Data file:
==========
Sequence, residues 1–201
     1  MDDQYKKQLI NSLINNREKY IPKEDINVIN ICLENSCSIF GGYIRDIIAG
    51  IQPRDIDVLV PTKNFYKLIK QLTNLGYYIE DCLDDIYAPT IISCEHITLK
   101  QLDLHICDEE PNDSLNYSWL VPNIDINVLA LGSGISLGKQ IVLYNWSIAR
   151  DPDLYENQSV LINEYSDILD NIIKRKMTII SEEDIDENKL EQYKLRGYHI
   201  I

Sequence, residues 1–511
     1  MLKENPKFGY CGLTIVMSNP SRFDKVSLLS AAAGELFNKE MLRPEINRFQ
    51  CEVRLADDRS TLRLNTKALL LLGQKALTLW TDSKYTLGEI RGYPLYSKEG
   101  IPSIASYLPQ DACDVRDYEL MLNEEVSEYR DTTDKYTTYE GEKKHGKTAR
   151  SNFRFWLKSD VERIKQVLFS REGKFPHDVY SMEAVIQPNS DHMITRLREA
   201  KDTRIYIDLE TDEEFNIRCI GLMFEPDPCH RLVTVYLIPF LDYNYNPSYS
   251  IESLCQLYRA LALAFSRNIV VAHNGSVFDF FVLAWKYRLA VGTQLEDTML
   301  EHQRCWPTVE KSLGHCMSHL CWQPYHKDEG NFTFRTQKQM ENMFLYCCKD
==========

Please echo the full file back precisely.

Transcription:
Sequence, residues 1–201
     1  MDDQYKKQLI NSLINNREKY IPKEDINVIN ICLENSCSIF GGYIRDIIAG
    51  IQPRDIDVLV PTKNFYKLIK QLTNLGYYIE DCLDDIYAPT IISCEHITLK
   101  QLDLHICDEE PNDSLNYSWL VPNIDINVLA LGSGISLGKQ IVLYNWSIAR
   151  DPDLYENQSV LINEYSDILD NIIKRKMTII SEEDIDENKL EQYKLRGYHI
   201  I

Sequence, residues 1–511
     1  MLKENPKFGY CGLTIVMSNP SRFDKVSLLS AAAGELFNKE MLRPEINRFQ
    51  CEVRLADDRS TLRLNTKALL LLGQKALTLW TDSKYTLGEI RGYPLYSKEG
   101  IPSIASYLPQ DACDVRDYEL MLNEEVSEYR DTTDKYTTYE GEKKHGKTAR
   151  SNFRFWLKSD VERIKQVLFS REGKFPHDVY SMEAVIQPNS DHMITRLREA
   201  KDTRIYIDLE TDEEFNIRCI GLMFEPDPCH RLVTVYLIPF LDYNYNPSYS
   251  IESLCQLYRA LALAFSRNIV VAHNGSVFDF FVLAWKYRLA VGTQLEDTML
   301  EHQRCWPTVE KSLGHCMSHL CWQPYHKDEG NFTFRTQKQM ENMFLYCCKD